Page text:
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This is a about living a legacy right now

Back to the River: Finding London's Sense of Belonging

December 1, 2015

What if home isn’t really a place but a state of mind, a sense of belonging, a belief that we are part of a greater story than just some physical location?  It’s an important question, pivotal enough that Community Foundations Canada (CFC) made the subject of “belonging” as the centrepiece for its national Vital Signs report.  Its title said it all: Belonging: Exploring Connection to Community.

For some time Canada’s community foundations have been expanding their reach, moving their resources into areas as diverse as food security, mental health, and social enterprise.  No longer the foundations of an earlier time, these organizations, not merely content to fund various initiatives, have taken the lead in pushing the envelope for how Canada needs to adjust to embrace modern challenges.  And key to it all is the belief that all of our actions and efforts have little impact if we can’t create a sense of greater belonging at the same time.

That’s the logic that drove London Community Foundation’s Back to the River initiative in the past three years.  Not content with merely funding individual projects, it looked for one large and transcendent opportunity that could assist in bringing Londoners and their region together in new and meaningful ways.  Back to the River is what resulted, and the greater interest that has been expressed over its possibilities hint that a new sense of belonging might be just around the corner.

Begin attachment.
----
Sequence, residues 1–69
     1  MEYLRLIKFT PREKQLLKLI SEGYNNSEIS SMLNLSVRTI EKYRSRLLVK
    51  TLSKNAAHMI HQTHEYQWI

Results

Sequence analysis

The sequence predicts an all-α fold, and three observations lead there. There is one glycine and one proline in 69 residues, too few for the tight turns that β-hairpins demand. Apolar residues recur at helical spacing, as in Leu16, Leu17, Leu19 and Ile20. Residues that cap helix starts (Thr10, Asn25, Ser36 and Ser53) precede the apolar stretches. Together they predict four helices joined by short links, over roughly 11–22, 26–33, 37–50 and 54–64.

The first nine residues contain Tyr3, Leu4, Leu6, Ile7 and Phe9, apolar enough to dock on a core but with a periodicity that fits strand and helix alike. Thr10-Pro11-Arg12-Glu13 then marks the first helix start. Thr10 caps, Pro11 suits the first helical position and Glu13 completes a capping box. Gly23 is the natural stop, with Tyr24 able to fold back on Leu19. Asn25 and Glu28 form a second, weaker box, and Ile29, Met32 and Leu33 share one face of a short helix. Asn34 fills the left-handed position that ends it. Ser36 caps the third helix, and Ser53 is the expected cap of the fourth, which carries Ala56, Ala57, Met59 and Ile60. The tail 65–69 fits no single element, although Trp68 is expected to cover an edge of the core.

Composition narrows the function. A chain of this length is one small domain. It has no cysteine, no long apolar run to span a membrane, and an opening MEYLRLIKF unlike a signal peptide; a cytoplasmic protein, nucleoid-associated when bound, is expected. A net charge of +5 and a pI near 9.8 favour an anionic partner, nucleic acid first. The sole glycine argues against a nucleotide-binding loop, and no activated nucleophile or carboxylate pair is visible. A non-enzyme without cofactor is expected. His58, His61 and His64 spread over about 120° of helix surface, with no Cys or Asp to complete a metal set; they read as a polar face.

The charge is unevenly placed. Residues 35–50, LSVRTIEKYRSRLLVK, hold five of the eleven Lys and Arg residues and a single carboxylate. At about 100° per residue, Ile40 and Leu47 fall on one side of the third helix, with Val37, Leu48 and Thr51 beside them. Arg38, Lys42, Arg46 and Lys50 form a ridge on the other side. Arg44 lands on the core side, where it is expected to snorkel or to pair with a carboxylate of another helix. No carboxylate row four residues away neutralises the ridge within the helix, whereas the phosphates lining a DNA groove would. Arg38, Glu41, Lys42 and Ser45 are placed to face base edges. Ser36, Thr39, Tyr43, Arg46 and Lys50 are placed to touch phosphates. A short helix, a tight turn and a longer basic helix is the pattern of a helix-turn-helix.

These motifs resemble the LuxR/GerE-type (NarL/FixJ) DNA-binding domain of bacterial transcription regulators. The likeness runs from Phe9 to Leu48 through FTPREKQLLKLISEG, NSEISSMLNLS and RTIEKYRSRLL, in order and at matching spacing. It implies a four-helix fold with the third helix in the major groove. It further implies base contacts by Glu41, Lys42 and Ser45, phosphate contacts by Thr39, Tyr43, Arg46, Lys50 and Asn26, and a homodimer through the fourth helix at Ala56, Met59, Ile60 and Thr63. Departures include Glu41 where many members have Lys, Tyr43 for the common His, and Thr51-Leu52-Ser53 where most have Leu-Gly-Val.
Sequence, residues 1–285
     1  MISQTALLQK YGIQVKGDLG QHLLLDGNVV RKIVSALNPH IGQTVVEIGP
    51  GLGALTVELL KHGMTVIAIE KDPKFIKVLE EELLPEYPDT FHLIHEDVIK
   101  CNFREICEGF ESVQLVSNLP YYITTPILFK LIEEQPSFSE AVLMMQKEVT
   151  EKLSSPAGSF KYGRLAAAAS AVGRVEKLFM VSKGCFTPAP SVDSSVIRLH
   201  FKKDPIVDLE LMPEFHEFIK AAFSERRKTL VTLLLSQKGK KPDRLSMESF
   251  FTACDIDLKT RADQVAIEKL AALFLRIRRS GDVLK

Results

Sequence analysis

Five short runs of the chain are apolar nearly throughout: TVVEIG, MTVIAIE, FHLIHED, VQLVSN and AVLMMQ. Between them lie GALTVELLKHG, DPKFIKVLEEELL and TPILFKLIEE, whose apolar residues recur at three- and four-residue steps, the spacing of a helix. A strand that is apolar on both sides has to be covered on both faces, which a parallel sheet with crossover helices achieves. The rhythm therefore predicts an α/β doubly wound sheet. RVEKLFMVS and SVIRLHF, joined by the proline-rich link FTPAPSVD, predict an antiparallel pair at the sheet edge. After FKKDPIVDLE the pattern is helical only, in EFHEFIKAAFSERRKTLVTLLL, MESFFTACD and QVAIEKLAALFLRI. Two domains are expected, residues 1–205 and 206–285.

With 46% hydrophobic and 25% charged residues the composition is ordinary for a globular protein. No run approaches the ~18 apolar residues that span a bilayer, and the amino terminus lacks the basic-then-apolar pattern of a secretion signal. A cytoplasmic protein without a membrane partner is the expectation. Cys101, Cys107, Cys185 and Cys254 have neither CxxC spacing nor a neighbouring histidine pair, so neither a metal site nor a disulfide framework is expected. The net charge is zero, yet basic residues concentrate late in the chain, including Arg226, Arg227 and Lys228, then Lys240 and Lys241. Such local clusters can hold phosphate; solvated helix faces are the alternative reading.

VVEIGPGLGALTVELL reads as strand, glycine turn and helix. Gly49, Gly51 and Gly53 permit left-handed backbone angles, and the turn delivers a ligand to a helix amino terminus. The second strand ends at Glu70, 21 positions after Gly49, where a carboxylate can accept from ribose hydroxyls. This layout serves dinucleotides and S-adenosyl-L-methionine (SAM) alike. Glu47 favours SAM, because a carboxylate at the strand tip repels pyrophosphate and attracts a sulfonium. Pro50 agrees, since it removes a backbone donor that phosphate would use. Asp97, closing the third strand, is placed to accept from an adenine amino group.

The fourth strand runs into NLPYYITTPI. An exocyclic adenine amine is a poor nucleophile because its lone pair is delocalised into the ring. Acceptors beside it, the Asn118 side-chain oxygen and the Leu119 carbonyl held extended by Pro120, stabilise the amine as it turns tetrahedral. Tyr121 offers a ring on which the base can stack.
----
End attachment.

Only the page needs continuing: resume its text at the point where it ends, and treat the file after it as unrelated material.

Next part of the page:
The amount of planning and resource allocation that went into the project was naturally comprehensive, but over it all emerged on key question: “Will Londoners feel different about their city as a result and feel more included?”  Early indications are that this is exactly what’s happening.  The Thames River not only joins physical locations together as it wound through the community, it has now become a defining value of the kind of community we want and how we want to achieve it.  Back to the River was never a project but a movement of the human capacity to aim for something better, more expansive.

This isn’t merely about leaving a legacy for a community.  It is about living that legacy right now.  It is about our moment in time to make a difference, to build and enjoy it in our own generation.  It is about our kids, not just future generations.  Underlying it all is the belief that we belong to the Thames River and the more we understand that relationship, the more London itself will adapt to the river’s remarkable potential for nurture, diversity, connection, and a future more inclusive than the past.  And underlying it all is the London Community Foundation’s belief that, yes, home is far more than a place, but is, in reality, a state of citizenship and belonging that begins on the banks of the Thames River.

Glen Pearson
Glen Pearson is the co-director of the London Food Bank and executive director of Canadian Aid for South Sudan. Glen is a regular columnist for the London Free Press.